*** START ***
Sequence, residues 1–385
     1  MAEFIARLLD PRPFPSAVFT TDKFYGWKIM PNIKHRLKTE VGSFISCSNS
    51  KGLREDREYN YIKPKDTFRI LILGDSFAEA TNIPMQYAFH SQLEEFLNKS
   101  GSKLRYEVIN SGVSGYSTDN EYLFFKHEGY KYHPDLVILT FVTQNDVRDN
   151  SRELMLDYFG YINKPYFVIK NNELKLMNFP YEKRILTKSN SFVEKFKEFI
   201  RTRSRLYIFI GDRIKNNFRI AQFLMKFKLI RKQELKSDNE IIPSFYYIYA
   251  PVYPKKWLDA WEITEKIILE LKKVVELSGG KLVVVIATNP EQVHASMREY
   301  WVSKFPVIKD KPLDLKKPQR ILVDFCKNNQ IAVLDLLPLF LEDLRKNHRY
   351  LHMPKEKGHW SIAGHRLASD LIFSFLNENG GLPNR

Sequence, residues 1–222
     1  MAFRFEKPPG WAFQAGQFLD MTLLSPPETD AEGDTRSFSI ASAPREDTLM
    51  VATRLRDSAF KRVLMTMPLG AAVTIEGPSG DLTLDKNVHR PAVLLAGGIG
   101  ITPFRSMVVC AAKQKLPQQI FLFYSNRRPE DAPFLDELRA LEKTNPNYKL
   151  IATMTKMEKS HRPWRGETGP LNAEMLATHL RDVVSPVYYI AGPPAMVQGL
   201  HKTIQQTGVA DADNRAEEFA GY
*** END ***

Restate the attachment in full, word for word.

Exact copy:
Sequence, residues 1–385
     1  MAEFIARLLD PRPFPSAVFT TDKFYGWKIM PNIKHRLKTE VGSFISCSNS
    51  KGLREDREYN YIKPKDTFRI LILGDSFAEA TNIPMQYAFH SQLEEFLNKS
   101  GSKLRYEVIN SGVSGYSTDN EYLFFKHEGY KYHPDLVILT FVTQNDVRDN
   151  SRELMLDYFG YINKPYFVIK NNELKLMNFP YEKRILTKSN SFVEKFKEFI
   201  RTRSRLYIFI GDRIKNNFRI AQFLMKFKLI RKQELKSDNE IIPSFYYIYA
   251  PVYPKKWLDA WEITEKIILE LKKVVELSGG KLVVVIATNP EQVHASMREY
   301  WVSKFPVIKD KPLDLKKPQR ILVDFCKNNQ IAVLDLLPLF LEDLRKNHRY
   351  LHMPKEKGHW SIAGHRLASD LIFSFLNENG GLPNR

Sequence, residues 1–222
     1  MAFRFEKPPG WAFQAGQFLD MTLLSPPETD AEGDTRSFSI ASAPREDTLM
    51  VATRLRDSAF KRVLMTMPLG AAVTIEGPSG DLTLDKNVHR PAVLLAGGIG
   101  ITPFRSMVVC AAKQKLPQQI FLFYSNRRPE DAPFLDELRA LEKTNPNYKL
   151  IATMTKMEKS HRPWRGETGP LNAEMLATHL RDVVSPVYYI AGPPAMVQGL
   201  HKTIQQTGVA DADNRAEEFA GY